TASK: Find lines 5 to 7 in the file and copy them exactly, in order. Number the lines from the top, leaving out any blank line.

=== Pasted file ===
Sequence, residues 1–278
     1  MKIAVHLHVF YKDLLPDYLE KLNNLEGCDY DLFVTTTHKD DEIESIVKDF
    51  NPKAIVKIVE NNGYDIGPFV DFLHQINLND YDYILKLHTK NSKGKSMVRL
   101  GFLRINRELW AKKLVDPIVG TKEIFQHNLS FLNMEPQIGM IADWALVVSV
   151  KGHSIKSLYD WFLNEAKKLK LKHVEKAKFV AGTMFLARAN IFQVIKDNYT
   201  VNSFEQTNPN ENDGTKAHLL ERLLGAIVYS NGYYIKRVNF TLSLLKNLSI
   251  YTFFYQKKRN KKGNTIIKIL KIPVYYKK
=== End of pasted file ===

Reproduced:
   151  KGHSIKSLYD WFLNEAKKLK LKHVEKAKFV AGTMFLARAN IFQVIKDNYT
   201  VNSFEQTNPN ENDGTKAHLL ERLLGAIVYS NGYYIKRVNF TLSLLKNLSI
   251  YTFFYQKKRN KKGNTIIKIL KIPVYYKK